Given the close interaction between tumor cells and stromal cells in the tumor microenvironment (TME), TME-targeted strategies would be promising for developing integrated cancer immunotherapy. Cancer-associated fibroblasts (CAFs) are the dominant stromal component, playing critical roles in generation of the pro-tumorigenic TME. We focused on the immunosuppressive trait of CAFs, and systematically explored the alteration of tumor-associated immune responses by CAF-targeted therapy. C57BL/6 mice s.c. bearing syngeneic E.G7 lymphoma, LLC1 Lewis lung cancer, or B16F1 melanoma were treated with an anti-fibrotic agent, tranilast, to inhibit CAF function. The infiltration of immune suppressor cell types, including regulatory T cells and myeloid-derived suppressor cells, in the TME was effectively decreased through reduction of stromal cell-derived factor-1, prostaglandin E2, and transforming growth factor-β. In tumor-draining lymph nodes, these immune suppressor cell types were significantly decreased, leading to activation of tumor-associated antigen-specific CD8+ T cells. In addition, CAF-targeted therapy synergistically enhanced multiple types of systemic antitumor immune responses such as the cytotoxic CD8+ T cell response, natural killer activity, and antitumor humoral immunity in combination with dendritic cell-based vaccines; however, the suppressive effect on tumor growth was not observed in tumor-bearing SCID mice. These data indicate that systemic antitumor immune responses by various immunologic cell types are required to bring out the efficacy of CAF-targeted therapy, and these effects are enhanced when combined with effector-stimulatory immunotherapy such as dendritic cell-based vaccines. Our mouse model provides a novel rationale with TME-targeted strategy for the development of cell-based cancer immunotherapy.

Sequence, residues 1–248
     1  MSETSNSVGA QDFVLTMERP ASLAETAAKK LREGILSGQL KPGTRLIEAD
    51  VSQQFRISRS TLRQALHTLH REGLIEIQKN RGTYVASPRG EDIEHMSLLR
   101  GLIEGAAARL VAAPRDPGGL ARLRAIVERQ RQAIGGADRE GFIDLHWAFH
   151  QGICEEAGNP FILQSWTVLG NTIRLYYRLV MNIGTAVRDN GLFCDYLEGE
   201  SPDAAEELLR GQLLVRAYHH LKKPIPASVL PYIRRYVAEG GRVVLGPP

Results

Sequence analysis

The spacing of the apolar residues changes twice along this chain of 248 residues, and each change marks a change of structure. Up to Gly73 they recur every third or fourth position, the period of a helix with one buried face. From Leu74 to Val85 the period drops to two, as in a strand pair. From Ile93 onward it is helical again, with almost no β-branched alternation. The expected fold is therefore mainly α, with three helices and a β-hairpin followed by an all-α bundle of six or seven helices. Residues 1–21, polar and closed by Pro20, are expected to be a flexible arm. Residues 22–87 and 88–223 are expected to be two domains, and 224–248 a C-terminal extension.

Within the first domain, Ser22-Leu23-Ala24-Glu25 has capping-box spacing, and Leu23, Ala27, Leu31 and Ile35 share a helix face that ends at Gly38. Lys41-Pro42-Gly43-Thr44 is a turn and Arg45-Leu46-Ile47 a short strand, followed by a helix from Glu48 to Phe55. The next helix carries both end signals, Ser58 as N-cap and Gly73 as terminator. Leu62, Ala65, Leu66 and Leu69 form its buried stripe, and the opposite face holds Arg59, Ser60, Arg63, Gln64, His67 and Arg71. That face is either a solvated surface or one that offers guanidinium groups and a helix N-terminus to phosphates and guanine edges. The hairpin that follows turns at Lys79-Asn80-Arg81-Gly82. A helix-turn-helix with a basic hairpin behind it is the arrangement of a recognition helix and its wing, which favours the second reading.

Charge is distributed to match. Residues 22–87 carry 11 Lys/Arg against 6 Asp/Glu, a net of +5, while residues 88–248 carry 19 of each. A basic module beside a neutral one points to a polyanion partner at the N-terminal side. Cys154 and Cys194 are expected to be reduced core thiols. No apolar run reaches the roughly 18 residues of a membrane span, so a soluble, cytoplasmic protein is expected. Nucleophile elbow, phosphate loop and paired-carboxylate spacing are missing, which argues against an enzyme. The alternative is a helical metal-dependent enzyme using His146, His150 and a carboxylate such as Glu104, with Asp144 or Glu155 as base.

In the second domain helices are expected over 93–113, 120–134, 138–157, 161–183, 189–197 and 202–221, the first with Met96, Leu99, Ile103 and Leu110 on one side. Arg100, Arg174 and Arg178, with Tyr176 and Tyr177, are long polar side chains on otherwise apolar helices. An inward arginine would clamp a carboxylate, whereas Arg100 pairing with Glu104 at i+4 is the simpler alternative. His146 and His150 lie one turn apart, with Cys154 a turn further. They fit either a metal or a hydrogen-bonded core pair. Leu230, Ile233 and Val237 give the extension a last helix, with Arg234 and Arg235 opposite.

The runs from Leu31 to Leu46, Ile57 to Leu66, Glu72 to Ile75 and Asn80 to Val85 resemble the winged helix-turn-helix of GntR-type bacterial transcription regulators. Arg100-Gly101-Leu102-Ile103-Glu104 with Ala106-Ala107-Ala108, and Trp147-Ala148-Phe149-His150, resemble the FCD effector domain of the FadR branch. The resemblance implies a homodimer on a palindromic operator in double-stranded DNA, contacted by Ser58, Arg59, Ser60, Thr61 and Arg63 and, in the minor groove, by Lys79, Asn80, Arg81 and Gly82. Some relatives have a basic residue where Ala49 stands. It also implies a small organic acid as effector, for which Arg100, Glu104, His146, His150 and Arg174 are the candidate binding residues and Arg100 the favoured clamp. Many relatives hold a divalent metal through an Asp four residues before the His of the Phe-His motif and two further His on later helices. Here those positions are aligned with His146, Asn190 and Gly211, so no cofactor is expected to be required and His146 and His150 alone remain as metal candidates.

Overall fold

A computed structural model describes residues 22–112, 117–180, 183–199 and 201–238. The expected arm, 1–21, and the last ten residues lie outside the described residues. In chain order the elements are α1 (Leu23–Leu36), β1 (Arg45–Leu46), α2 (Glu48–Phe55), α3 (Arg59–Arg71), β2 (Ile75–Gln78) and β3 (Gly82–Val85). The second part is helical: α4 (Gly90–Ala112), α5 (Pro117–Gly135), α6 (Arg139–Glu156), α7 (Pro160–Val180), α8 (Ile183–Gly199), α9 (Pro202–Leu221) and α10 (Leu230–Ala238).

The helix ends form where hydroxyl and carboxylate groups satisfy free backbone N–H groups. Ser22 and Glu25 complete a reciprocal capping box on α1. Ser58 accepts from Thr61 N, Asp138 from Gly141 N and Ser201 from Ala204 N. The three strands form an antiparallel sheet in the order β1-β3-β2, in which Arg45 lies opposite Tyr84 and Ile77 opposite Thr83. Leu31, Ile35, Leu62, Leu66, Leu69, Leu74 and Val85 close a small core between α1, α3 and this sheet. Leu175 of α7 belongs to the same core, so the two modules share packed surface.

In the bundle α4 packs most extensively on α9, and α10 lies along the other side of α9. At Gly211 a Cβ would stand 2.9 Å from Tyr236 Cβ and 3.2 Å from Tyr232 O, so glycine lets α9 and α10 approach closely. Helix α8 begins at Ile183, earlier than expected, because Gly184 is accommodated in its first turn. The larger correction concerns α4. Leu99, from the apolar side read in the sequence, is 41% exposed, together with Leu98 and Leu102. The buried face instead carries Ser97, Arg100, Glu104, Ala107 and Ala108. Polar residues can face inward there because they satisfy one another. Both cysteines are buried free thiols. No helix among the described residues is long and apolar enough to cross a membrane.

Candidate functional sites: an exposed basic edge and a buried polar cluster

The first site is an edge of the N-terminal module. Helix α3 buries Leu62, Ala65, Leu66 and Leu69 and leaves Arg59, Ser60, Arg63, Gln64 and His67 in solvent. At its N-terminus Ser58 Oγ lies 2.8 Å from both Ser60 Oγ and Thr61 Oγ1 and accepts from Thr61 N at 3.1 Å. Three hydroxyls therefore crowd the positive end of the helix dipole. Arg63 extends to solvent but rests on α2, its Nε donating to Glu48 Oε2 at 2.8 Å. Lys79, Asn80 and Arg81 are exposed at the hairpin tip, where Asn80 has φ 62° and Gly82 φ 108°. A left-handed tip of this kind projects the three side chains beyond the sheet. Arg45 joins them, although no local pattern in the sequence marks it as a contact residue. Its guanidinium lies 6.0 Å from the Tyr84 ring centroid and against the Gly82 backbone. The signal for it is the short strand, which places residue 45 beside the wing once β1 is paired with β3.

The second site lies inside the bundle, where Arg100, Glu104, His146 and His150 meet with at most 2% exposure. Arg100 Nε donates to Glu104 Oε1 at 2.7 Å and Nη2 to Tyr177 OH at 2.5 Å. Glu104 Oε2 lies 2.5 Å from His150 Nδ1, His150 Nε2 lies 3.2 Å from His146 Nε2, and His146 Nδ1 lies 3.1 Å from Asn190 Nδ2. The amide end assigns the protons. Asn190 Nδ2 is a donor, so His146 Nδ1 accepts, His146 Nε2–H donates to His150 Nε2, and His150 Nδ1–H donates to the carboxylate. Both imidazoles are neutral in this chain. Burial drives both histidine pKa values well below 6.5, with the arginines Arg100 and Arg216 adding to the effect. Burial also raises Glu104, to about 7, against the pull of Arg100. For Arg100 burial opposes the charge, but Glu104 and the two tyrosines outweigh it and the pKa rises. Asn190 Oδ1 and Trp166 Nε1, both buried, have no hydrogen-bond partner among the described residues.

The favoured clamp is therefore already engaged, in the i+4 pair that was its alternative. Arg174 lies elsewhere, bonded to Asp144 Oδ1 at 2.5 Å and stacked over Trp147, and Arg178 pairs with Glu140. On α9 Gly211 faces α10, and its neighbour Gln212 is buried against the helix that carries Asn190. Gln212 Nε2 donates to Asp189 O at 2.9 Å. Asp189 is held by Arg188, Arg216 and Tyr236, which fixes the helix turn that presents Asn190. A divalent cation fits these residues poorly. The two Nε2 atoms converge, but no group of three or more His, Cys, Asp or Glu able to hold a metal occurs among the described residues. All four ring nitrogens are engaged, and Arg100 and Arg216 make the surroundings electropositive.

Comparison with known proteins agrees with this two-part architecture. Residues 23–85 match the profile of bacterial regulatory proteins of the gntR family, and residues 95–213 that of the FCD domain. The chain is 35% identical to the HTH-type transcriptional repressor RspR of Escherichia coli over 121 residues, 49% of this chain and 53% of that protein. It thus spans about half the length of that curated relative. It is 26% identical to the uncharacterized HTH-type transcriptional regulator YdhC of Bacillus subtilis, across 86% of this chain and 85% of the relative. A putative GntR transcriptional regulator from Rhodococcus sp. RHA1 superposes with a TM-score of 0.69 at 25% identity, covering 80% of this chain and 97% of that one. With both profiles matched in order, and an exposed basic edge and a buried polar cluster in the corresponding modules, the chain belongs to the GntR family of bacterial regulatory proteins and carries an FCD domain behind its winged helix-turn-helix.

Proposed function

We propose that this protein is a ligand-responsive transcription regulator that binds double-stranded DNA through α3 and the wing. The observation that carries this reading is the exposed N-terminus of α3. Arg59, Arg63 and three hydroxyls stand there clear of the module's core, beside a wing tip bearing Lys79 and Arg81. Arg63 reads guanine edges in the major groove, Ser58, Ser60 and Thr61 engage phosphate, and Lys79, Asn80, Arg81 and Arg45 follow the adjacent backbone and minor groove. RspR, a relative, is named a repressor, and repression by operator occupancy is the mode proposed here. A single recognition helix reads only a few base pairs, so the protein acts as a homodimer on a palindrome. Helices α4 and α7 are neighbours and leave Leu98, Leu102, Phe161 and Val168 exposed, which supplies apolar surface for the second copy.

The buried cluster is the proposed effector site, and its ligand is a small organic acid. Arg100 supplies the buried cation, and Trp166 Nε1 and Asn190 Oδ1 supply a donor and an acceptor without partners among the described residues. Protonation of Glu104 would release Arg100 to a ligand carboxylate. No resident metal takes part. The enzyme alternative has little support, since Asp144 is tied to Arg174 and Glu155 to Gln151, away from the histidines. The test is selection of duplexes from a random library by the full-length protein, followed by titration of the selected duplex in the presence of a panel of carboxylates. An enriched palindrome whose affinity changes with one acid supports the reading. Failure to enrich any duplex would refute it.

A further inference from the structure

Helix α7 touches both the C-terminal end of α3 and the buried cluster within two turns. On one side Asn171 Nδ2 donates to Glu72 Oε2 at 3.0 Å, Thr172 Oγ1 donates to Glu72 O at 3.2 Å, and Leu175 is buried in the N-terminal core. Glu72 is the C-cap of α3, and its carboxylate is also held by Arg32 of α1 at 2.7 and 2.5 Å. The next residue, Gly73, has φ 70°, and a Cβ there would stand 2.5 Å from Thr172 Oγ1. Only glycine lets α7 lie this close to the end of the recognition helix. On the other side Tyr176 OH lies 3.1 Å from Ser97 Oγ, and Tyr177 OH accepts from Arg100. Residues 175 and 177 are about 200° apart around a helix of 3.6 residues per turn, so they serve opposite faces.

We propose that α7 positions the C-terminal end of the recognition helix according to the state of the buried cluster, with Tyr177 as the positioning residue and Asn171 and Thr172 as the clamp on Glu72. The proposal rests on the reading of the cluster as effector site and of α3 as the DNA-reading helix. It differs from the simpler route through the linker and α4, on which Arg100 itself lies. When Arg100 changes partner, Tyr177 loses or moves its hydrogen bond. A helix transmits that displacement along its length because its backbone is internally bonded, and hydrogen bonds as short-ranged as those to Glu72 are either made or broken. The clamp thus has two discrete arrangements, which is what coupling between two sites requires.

IgG4-related sclerosing disease can occur in the cardiovascular system and some inflammatory abdominal aortic aneurysms have been shown to belong to IgG4-related sclerosing disease. Herein is reported a case of IgG4-related inflammatory aortic aneurysm of the aortic arch. A 71-year-old Japanese man was found to have an aneurysm of the aortic arch with maximum dimension of 5.5 cm. The surgically resected aneurysm wall had conspicuous fibrosclerotic changes, dense lymphoplasmacytic infiltration and occasional obliterative phlebitis in the adventitia; the thickness of the adventitia was 6.5 mm. Immunohistochemistry indicated numerous IgG4-positive plasma cell infiltrates; 84% of the IgG-bearing cells were IgG4 positive. The diagnosis of IgG4-related inflammatory aortic aneurysm of the aortic arch was made. Although previously reported IgG4-related inflammatory aortic aneurysms were confined to the abdominal aorta, the present case report demonstrates that IgG4-related inflammatory aortic aneurysm can occur in the aortic arch, thereby extending the spectrum of IgG4-related periaortitis. Further studies are needed to clarify the spectrum of IgG4-related sclerosing disease in the cardiovascular system.
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